The alleged Punjab National Bank fraud, at around Rs 11,400 crore according to initial estimates, is the biggest such in recent times. As in the past, the involvement of politicians as well as senior officials of the public sector bank, the Reserve Bank of India and the central government is alleged. What is certain is that it would be difficult, if not impossible, to separate fact from fiction in this case. As such, its “core part” at least will likely remain in the realm of speculation. That is not desirable as innuendo and accusations can never lead to a concrete plan of action for reforming the banking sector which is badly required now. Similar experiences in the past have led to half-baked action points, nearly all unimplementable, or deliberately sabotaged before they could be followed through.
The modus operandi of the PNB fraud was not novel. Like most similar cases, there was collusion by the staff and the checks and balances integral to any banking system were breached. A few employees at PNB’s Brady House branch in Mumbai issued letters of undertaking, or LOUs, guaranteeing to repay loans taken by the jeweller Nirav Modi abroad. But can two or three mid-ranking officials connive with big businessmen to siphon off huge sums without anybody else knowing?
The expression “systemic failure” haunts the banking system, especially state-owned banks which account for nearly 70% of India’s banking business. If staff collusion is admittedly common, each major crisis has its own ingredients. The 1991-’92 securities scam of Harshad Mehta involved manipulating the tardy systems and procedures of major banks doing treasury business as well as the Reserve Bank. As investigations later revealed, the staff of major treasury banks had been involved. That it is yet to be fully unravelled after over 25 years shows how complex the scam was. Still, because the broker-banker nexus responsible for the scam occupied public imagination, the government had to reform the Securities and Exchange Board of India and capital market intermediaries. What should the PNB fraud lead to?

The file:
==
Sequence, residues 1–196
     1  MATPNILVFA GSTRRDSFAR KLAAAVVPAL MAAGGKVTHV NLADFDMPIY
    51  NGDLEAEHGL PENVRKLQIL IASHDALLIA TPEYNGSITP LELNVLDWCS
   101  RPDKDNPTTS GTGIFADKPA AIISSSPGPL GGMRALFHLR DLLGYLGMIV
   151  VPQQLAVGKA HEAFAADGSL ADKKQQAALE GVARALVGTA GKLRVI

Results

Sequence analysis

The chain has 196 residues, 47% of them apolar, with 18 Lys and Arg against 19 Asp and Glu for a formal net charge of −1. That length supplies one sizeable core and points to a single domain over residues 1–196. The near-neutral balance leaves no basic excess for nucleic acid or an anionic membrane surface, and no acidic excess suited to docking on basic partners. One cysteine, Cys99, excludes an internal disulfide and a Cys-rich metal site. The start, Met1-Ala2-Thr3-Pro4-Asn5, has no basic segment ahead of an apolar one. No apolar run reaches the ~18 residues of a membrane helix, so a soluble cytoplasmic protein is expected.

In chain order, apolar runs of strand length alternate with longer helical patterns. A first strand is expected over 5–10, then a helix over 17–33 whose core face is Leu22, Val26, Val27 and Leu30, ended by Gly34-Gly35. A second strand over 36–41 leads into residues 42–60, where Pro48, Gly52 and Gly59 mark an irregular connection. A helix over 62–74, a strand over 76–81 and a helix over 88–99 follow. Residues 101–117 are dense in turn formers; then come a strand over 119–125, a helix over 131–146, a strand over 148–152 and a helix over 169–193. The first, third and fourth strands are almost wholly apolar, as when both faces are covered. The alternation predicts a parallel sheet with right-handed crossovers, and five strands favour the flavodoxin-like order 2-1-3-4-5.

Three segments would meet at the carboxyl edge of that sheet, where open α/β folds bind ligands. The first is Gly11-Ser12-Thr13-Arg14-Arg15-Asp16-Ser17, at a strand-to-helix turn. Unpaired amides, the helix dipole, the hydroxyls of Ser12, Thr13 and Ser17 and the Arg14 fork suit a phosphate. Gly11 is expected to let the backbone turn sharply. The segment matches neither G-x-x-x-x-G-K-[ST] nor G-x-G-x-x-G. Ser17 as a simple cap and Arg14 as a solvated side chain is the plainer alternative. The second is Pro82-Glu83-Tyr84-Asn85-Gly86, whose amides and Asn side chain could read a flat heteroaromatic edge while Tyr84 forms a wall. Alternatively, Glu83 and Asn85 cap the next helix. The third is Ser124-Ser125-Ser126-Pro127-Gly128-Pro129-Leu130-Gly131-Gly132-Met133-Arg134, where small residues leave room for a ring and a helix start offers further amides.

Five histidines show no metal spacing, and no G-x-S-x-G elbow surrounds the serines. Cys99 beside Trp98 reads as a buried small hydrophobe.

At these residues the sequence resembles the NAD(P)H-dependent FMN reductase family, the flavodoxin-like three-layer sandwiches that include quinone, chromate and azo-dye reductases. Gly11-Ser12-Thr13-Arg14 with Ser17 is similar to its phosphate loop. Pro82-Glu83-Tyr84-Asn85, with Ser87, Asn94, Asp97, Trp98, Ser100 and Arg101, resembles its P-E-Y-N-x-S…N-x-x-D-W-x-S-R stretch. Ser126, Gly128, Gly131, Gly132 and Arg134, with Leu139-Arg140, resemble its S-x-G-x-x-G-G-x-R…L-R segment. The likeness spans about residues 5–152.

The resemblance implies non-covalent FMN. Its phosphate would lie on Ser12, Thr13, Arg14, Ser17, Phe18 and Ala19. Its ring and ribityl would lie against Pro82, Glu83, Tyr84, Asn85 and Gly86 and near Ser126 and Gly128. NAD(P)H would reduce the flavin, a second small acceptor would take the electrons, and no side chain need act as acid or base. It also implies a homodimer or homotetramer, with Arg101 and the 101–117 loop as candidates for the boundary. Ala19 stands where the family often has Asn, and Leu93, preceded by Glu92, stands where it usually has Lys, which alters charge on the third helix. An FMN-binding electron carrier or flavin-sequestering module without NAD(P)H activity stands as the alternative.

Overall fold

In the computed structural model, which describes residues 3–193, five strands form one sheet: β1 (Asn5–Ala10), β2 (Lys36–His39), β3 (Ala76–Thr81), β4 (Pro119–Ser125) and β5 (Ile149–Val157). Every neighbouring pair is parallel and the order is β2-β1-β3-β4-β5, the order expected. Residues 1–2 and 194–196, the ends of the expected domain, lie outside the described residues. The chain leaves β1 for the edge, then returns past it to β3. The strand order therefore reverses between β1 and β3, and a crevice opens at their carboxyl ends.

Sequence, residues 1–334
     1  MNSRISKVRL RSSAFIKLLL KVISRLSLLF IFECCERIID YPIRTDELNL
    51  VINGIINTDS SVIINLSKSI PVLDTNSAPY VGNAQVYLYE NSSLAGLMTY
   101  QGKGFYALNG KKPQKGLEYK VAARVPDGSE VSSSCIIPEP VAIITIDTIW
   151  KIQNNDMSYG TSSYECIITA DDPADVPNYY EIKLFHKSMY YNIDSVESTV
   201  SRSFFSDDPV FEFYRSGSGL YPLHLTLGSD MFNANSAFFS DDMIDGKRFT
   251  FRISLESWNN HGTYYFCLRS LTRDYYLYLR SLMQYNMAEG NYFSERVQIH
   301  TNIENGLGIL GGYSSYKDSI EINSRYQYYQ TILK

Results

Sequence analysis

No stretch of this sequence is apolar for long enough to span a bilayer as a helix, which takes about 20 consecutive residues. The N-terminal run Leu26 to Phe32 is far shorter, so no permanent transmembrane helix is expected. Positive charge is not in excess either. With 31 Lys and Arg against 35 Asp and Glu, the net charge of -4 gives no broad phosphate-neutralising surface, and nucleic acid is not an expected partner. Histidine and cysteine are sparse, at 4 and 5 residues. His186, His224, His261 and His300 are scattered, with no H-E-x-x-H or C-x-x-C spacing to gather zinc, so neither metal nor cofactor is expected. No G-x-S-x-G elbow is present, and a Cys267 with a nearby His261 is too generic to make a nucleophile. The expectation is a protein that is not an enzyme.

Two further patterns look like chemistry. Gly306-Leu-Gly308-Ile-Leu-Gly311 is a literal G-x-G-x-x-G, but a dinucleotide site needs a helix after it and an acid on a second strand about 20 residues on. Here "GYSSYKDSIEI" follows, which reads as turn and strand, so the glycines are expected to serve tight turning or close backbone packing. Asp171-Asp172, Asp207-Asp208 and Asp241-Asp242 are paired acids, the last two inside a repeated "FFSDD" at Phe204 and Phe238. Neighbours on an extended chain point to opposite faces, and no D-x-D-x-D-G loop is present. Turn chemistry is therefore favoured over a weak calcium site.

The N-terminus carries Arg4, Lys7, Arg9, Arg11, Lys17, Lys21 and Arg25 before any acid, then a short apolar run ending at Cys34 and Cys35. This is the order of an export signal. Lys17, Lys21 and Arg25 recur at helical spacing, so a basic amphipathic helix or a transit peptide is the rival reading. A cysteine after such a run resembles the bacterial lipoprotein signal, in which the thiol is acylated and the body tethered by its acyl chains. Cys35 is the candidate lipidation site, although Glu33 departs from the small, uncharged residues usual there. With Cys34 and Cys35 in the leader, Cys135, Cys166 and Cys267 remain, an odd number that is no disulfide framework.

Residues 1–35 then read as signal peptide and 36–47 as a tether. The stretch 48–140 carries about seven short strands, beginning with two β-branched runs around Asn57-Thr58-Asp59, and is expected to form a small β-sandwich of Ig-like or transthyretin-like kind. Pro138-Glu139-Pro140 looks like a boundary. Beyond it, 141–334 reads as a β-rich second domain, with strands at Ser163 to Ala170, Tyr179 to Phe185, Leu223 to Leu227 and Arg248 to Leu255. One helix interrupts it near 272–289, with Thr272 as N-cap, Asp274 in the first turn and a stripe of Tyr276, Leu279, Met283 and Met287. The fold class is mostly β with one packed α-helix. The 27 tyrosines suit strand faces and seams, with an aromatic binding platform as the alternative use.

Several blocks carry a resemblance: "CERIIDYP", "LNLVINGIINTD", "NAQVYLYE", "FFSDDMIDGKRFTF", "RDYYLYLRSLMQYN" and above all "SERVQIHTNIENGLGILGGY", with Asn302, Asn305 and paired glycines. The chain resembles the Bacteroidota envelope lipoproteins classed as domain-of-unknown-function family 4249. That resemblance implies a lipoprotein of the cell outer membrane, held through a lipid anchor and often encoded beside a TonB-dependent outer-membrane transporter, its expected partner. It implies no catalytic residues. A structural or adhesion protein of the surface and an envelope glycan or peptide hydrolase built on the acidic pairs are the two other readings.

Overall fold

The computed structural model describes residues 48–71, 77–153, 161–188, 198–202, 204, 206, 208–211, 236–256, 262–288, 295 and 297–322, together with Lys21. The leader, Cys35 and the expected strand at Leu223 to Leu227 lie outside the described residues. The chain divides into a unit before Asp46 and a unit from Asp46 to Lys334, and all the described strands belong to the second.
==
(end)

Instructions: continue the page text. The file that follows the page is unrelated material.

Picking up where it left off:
Anatomy of a fraud
The PNB issued LOUs – bank guarantees really – to Nirav Modi and others without collecting adequate collateral and margins. Further, the complicit staff provided the facilities through SWIFT – or Society for Worldwide Interbank Financial Telecommunication, a global system for banks to securely exchange information about financial transactions – without marking a lien for the bank. So, effectively, Nirav Modi and others enjoyed clean facilities on a massive scale without having to bother about collateral and the like. LOUs are contingent liabilities of the issuing bank, in this case the PNB. No way could the issuing bank feign a lack of understanding of the SWIFT mechanism, which is widely used in global business transactions.
That the PNB gave such leeway to the borrowers for years points to the absence of job rotation in the bank and the complete failure of its management information systems. When some employees are kept in their seats for too long, collusion with an unscrupulous borrower may be just a step away.
Then there is the question of how Nirav Modi could execute such a major fraud. Media reports speak of him enjoying utmost credibility with banks and business partners. Trust is crucial to any business, but especially one with such vast global connections as the jewellery business. This riddle is going to be difficult to unravel. One explanation could be that there is no limit to human greed.
The management of the PNB, and indeed of most public sector banks, has much to answer for. It is certain that low-ranking and mid-level PNB staff were awed by the aura of Nirav Modi and other such people. Experienced bankers insist that such an “inferiority complex” exists among “junior staff” and that it can be exploited by their clients. Indeed, examples of this are all too common, such as how multinationals beat down the interest rate in a consortium advance. By dangling new business and promising to help the operating staff achieve their target numbers, the borrowers strike a hard bargain all the time.
This sense of inferiority among employees cannot be rectified overnight, certainly not without reassessing human resource practices of public sector banks. The government’s efforts at reforming public sector banks have so far involved opening most of them to the capital market and bringing in managers from the private sector. None of these have proved to be the magic bullets it was hoped they would be. The belief that consolidation and mergers can solve the banking crisis is equally misplaced. It is well known that the PNB’s forced takeover of the New Bank of India in 1993 was a disaster, dragging down the PNB’s standing by a few notches. The country’s second largest bank deserves a better deal and, for now, better understanding.
CRL Narasimhan is a former banker and journalist.